Here Are 10 of Our Favorite Romantic Comedies Set in the Big Apple, in Honor of '2 Days in New York'
IndiewireAugust 10, 2012 at 12:34PM
With "2 Days in New York," Julie Deply's hilarious and romantic follow up to her wry comedy "2 Days in Paris," opening in select theaters today (it's also currently available on VOD), we've decided to share with you 10 of our favorite romantic comedies (though some of our choices are questionably classified as such) set on the island of Manhattan. This list is by no means definitive, so we invite you to share some of your picks below.
"Annie Hall," the romantic comedy that proved Woody Allen was an auteur of the highest order and did the unthinkable by beating "Star Wars" for the Best Picture Oscar in 1997, still holds up to this day as arguably Allen's best and most widely accessible film to date. Diane Keaton won a Best Actress Oscar for playing the titular role, a nutty yet totally loveable lounge singer with a fear of initimate relations (she needs to smoke up before sex in order to relax) and the hots for Alvy (Allen), a Jewish comic armed with a earful of self depricating wit. Prior to "Annie Hall," Allen had established himself as one of the country's most promising funnymen thanks to "Bananas" and "Sleeper." "Annie Hall" was the one to prove he could balance drama with the laughs, the perfect combination for any classic romantic comedy.
Old is gold in "The Apartment," Billy Wilder's black and white classic that pairs two of Hollywood’s most iconic stars, Jack Lemmon and Shirley MacLaine, for a romantic dramedy that still packs a bite despite being over 50 years old. Lemmon’s character, C.C Baxter, to achieve ascension in the corporate world, lets four company managers use his Upper West Side apartment for their marital affairs, which isn’t as simple an arrangement as it seems. At the same time, he nurses a love for the elevator operator, played by none other than a wry and wonderful MacLaine. Also starring Fred MacMurray, the film was nominated for ten Oscars at the 33rd annual Academy Awards and won five of them including Best Pictures and Best Director.
"Breakfast at Tiffany's"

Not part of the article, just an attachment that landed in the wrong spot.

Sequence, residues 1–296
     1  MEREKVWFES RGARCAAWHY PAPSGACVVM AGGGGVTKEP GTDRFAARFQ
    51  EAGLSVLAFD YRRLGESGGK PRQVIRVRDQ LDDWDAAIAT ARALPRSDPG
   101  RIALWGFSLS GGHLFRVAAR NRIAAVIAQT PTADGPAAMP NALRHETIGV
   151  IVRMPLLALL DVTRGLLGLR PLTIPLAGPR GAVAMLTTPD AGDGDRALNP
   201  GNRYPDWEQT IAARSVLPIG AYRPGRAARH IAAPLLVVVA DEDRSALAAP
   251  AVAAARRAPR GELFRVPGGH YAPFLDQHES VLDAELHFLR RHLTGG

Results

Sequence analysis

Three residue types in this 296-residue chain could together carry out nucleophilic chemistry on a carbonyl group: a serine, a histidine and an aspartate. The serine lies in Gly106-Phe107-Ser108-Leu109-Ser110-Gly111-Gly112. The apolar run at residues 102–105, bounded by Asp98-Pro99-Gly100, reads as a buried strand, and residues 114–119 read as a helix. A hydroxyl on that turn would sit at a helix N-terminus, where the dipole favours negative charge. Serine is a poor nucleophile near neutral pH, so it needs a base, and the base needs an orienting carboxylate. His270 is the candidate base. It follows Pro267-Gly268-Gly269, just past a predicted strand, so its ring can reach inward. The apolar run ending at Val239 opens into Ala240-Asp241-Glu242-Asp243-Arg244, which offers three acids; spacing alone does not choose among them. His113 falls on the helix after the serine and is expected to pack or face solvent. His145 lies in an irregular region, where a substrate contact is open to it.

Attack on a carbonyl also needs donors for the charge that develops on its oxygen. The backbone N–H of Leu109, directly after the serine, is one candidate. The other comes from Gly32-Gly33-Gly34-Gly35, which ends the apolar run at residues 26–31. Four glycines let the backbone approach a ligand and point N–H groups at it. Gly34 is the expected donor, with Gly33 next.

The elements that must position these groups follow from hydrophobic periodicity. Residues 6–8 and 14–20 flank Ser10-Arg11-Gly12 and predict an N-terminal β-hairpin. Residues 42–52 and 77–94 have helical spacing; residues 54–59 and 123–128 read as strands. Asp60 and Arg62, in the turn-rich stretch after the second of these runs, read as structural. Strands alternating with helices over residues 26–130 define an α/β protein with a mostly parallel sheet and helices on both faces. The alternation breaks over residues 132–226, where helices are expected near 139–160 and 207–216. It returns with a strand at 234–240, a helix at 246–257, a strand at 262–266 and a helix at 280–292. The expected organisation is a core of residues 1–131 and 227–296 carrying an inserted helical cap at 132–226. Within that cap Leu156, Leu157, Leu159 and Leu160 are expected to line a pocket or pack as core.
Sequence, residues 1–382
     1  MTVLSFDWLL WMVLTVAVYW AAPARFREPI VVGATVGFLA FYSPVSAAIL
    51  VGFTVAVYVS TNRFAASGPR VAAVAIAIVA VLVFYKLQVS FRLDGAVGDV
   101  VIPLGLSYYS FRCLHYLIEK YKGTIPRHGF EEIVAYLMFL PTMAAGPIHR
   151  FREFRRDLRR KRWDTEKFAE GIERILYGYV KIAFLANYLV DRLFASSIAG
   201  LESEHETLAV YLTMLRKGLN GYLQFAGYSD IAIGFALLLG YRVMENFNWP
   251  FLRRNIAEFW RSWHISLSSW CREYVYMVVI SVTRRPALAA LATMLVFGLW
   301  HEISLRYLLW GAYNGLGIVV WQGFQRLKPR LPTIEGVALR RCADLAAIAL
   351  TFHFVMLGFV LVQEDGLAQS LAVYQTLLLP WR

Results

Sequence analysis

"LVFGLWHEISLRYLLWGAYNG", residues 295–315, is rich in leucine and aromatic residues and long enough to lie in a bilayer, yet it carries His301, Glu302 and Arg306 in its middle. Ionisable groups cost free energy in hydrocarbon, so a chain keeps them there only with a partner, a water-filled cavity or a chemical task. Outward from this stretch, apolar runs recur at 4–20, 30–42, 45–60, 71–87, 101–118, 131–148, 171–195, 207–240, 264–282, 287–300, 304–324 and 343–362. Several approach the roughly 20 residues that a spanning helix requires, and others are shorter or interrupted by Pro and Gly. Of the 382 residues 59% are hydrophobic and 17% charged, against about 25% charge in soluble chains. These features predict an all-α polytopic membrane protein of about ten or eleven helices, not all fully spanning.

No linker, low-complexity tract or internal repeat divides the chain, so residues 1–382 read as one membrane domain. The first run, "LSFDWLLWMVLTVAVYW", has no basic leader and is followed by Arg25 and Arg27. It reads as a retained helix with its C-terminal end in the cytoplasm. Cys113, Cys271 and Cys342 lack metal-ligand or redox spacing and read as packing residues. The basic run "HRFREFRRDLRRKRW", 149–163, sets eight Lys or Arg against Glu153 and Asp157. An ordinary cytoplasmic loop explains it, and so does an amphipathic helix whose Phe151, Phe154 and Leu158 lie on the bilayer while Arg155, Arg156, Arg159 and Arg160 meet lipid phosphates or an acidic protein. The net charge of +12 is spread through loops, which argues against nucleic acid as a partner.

No one captures the wealth, glitz and glam of New York’s Upper East Side than Audrey Hepburn in her critically acclaimed role as socialite Holly Golighty in the 1961 rom-com classic, “Breakfast at Tiffany’s.” Directed by Blake Edwards, this film is largely responsible for making an icon out of Hepburn (it also earned her with an Academy Award nomination for Best Actress). Based on Truman Capote’s novel, the comedy follows a socialite's race to the top and all the men who come under her charming ways (these include an ex-mobster, a South American millionaire and her real love -- a struggling writer and neighbor played by George Peppard).
"Eternal Sunshine of the Spotless Mind"
"Eternal Sunshine of the Spotless Mind" set the gold standard for contemporary films that subvert romantic comedy conventions. Where many rom-coms render viewers numb with their transparent formula, Charlie Kaufman's narrative labyrinth, blending memories and dreams, was refreshingly stimulating in an era of feeble Heigl and Aniston vehicles. While none of the performances in the film falter, Jim Carrey arguably reached a career high with his portrayal of Joel, a devastated lover revisiting memories in the process of being erased. Michel Gondry's lush and colorful direction cement the film as a modern classic.
"Kissing Jessica Stein"
Before Jennifer Westfeldt directed her first feature "Friends With Kids," she co-penned this winning and insightful romantic comedy about a unlucky in love copy editor, Jessica (Westfeldt), who tries her hand at being bisexual after coming across a personal ad in the newspaper posted by a woman seeking a meaningful relationship (co-writer Heather Juergensen). To Jessica's surprise, she takes to the ad's author, Helen, a gallery owner who has her own share of hardships with the opposite sex. Things get messy (as they always do in rom-coms) when one of the pair wrestles with whether she's in it for the long haul, but the way Westleft and Juergensen deal with the denouement is anything from typical.
Woody Allen's "Manhattan" retains the romantic comedy framework while examining several dark and flawed romances. Building upon "Annie Hall's" sentimental story of a promising relationship's painful collapse, "Manhattan" begins with a middle aged writer, Isaac (Allen), being involved with a seventeen year old girl, a romance that both Isaac and the audience know is fundamentally amiss. Beyond the comedic facade are marriages fraught with infidelity and discontent. The black and white film stock and iconic Gershwin soundtrack imbue "Manhattan" with a sense of mythic weight and melancholy that heighten the film's dramatic moments. Though the film ends with a promise of redemption, the romantic relationships in "Manhattan" leave none unscathed.